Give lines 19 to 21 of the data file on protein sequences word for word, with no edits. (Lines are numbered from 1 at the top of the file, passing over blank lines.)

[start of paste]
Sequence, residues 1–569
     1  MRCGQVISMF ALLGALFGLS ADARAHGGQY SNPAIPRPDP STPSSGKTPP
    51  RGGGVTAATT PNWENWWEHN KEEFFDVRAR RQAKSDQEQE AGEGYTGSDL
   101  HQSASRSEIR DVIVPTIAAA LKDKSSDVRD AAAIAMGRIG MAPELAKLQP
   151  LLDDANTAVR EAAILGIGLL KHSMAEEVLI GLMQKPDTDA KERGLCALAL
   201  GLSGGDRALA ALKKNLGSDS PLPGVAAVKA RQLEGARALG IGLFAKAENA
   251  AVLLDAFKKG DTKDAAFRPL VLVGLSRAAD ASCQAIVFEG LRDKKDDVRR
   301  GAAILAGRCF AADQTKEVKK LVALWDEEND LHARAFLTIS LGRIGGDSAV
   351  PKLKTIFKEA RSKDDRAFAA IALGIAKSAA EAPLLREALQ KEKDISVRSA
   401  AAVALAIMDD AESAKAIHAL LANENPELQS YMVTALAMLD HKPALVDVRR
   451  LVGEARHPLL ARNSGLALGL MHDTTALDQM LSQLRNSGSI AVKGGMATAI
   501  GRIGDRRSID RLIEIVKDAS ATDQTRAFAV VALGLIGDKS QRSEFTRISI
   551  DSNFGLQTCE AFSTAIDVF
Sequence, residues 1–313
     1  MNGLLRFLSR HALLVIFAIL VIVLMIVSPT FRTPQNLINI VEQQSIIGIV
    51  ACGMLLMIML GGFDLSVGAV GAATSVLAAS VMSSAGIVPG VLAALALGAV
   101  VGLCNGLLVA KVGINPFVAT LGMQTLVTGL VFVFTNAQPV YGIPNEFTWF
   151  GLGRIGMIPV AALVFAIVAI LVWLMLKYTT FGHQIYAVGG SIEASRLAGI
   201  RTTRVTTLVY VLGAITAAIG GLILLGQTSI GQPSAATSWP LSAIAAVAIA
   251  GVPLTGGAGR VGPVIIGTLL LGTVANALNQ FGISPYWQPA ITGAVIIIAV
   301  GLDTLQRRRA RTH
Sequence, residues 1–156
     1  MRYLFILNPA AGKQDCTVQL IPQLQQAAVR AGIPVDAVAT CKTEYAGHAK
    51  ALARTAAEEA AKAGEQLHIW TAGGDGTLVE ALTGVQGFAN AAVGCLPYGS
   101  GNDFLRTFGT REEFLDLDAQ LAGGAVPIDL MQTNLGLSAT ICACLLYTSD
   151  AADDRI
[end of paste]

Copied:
   201  RTTRVTTLVY VLGAITAAIG GLILLGQTSI GQPSAATSWP LSAIAAVAIA
   251  GVPLTGGAGR VGPVIIGTLL LGTVANALNQ FGISPYWQPA ITGAVIIIAV
   301  GLDTLQRRRA RTH